Rep. Sherrill Requests IRS, Treasury Assist Constituents Shortchanged by Agencies on Economic Impact Payments

September 9, 2020
Press Release

Parsippany, NJ -- Representative Mikie Sherrill (NJ-11) sent a letter to Treasury Secretary Steven Mnuchin and IRS Commissioner Charles P. Rettig last week requesting that the IRS continue issuing Economic Impact Payments based on the latest eligibility information until all 2019 returns are processed.

According to the CARES Act, eligibility for Economic Impact Payments is to be determined using 2018 or 2019 tax returns. But for some constituents in the 11th District, the IRS has decided not to issue payments to individuals and families in cases where the IRS has already determined they are ineligible based on their 2018 return, yet they qualify under their 2019 return.

“This decision is unfair to one of my constituents from Madison who was claimed as a dependent in 2018 but appears to qualify under their 2019 filing. It is unfair to a couple from Mountain Lakes who were newlyweds and filed jointly in 2018, but did not receive a payment since one spouse was still waiting on their green card to be processed at the time of their filing. A father from West Orange, who lost income in 2019, would likely qualify for a higher payment if his latest return was considered,” said Rep. Sherrill in her letter.

The full text of the letter can be found below.

 

The Honorable Steven Mnuchin

Secretary

U.S. Department of the Treasury

1500 Pennsylvania Avenue, N.W.

Washington D.C. 20220

 

The Honorable Charles P. Rettig

Commissioner

Internal Revenue Service

1111 Constitution Avenue Northwest

Washington, DC 20224

 

Dear Secretary Mnuchin and Commissioner Rettig:

As you know, Congress established a program for Economic Impact Payments under the CARES Act, providing up to $1200 for qualifying individuals. This program has assisted over four million New Jersey residents and millions more across the country, while injecting nearly $270 billion into the national economy.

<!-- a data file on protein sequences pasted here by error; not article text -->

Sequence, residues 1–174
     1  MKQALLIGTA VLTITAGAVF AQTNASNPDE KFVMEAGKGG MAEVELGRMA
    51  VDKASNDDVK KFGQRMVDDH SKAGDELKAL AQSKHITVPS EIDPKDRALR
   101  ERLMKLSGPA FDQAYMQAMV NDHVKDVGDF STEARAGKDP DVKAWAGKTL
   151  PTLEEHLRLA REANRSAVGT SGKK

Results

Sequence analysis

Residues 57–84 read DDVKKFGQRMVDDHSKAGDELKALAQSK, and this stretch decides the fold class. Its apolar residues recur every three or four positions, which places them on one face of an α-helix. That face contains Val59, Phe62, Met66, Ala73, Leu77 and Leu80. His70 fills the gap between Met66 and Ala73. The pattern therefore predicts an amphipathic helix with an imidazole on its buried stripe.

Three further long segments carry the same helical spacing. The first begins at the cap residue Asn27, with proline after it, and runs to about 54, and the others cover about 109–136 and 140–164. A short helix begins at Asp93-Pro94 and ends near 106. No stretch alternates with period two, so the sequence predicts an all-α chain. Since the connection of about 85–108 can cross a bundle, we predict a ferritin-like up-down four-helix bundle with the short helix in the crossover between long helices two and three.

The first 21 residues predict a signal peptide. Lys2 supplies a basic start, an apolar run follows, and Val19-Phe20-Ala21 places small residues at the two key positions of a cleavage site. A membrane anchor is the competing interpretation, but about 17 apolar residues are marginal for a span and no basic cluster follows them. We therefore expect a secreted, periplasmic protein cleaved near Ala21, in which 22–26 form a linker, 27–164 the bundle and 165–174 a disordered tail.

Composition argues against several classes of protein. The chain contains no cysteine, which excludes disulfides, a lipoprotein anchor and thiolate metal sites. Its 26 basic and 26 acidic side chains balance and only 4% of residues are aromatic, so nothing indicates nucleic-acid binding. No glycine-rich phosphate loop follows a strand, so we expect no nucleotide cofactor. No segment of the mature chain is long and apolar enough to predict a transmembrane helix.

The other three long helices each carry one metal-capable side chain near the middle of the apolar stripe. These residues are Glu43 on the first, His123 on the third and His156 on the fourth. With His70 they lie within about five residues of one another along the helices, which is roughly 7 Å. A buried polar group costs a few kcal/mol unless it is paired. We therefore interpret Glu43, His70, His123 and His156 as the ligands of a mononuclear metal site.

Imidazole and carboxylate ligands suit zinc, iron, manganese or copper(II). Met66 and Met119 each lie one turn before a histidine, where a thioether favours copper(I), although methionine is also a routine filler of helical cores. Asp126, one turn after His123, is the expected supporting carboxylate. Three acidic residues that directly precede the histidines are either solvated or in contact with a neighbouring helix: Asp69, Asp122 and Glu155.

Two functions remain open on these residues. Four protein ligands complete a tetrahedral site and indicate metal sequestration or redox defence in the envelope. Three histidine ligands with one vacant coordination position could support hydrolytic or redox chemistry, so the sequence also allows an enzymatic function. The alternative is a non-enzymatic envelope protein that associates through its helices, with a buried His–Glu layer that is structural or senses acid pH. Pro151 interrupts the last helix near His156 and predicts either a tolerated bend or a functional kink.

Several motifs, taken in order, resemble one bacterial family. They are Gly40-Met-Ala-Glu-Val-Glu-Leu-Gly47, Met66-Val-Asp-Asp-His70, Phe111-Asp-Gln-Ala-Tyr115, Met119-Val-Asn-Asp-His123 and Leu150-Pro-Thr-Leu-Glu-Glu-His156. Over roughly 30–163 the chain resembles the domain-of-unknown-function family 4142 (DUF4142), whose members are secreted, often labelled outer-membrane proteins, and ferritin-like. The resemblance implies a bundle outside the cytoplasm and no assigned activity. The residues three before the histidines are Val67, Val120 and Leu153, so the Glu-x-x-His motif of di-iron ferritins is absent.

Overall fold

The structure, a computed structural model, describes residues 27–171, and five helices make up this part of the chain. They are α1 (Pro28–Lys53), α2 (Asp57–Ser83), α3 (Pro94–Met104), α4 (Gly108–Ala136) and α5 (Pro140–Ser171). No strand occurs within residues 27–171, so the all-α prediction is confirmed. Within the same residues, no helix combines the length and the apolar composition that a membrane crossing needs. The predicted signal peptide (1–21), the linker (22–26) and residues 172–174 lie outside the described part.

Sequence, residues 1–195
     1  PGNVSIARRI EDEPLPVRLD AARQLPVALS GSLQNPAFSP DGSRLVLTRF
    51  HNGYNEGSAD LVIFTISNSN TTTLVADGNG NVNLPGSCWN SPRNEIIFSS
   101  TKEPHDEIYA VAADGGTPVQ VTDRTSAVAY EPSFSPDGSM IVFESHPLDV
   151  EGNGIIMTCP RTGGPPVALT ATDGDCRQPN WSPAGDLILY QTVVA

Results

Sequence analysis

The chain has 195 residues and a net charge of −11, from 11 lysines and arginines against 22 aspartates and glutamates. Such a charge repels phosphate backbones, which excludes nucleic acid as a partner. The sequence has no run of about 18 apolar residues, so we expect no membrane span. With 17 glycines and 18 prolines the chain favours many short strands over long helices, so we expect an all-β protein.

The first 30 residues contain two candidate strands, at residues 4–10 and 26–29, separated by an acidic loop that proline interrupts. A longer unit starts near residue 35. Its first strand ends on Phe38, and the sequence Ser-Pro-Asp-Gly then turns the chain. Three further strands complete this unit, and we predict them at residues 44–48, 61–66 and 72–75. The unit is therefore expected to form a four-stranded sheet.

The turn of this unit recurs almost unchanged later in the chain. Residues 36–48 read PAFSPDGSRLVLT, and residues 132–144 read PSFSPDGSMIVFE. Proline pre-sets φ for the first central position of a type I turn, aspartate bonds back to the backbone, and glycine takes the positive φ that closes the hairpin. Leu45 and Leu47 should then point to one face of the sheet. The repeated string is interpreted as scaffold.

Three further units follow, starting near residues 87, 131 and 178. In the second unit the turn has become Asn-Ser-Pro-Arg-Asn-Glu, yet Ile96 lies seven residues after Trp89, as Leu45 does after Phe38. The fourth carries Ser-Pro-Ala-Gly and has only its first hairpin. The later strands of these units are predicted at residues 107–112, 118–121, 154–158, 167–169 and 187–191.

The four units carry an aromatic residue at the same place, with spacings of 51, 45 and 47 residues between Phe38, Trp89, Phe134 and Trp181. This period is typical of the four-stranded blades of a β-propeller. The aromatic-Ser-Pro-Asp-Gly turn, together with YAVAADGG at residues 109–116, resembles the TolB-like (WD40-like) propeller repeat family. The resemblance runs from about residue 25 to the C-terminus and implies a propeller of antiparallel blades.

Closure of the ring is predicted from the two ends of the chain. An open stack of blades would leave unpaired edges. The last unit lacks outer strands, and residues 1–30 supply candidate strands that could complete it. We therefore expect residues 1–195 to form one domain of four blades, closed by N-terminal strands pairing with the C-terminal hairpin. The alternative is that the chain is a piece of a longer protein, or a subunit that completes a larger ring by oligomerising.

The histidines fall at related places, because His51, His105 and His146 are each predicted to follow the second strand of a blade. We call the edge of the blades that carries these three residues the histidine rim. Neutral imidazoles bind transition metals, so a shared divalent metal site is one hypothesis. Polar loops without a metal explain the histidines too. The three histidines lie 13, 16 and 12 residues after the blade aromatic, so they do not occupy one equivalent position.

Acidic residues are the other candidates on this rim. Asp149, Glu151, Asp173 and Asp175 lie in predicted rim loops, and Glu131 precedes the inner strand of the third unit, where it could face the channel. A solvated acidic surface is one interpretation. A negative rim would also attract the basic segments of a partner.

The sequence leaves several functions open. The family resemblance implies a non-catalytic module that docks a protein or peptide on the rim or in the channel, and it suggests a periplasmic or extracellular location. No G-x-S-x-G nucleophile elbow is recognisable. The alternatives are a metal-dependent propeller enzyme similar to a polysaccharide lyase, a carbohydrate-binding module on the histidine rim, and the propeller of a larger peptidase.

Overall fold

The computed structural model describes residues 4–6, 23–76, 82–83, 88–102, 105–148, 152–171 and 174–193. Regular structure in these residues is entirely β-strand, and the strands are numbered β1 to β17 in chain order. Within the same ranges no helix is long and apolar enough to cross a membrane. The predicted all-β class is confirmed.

Over the last several months, I have heard from a number of constituents who appeared to qualify for a payment but did not receive one. I appreciate the efforts of the Internal Revenue Service to work with my district office in resolving many of these outstanding payments.

Nonetheless, I was disappointed to learn that the IRS has decided not to issue payments to individuals and families in cases where the IRS has already determined they are ineligible based on their 2018 return, yet they qualify under their 2019 return. I also have constituents who would receive higher amounts if their 2019 return was considered. The agency's policy to have them claim this money on their 2020 return is insensitive to struggling Americans and flouts the intent of Congress. Under the CARES Act, eligibility for the payments is to be determined using 2018 or 2019 tax returns.

This policy denies assistance to those whose circumstances changed from 2018 to 2019, or those who required additional time to file their 2019 taxes due to the pandemic. After all, the IRS recognized the challenges with filing 2019 tax returns in its decision to delay the filing deadline to July 15th, and is still working to process its backlog of 2019 returns that contain relevant eligibility information for EIPs.

This decision is unfair to one of my constituents from Madison who was claimed as a dependent in 2018 but appears to qualify under their 2019 filing. It is unfair to a couple from Mountain Lakes who were newlyweds and filed jointly in 2018, but did not receive a payment since one spouse was still waiting on their green card to be processed at the time of their filing. A father from West Orange, who lost income in 2019, would likely qualify for a higher payment if his latest return was considered.

Congress intended this program to provide immediate assistance to families and individuals across the country. To advise anyone to claim this assistance seven months from now is unacceptable. The work to enact this program is unfinished and I respectfully request that the IRS continue issuing Economic Impact Payments based on the latest eligibility information until all 2019 returns are processed.

Sincerely,

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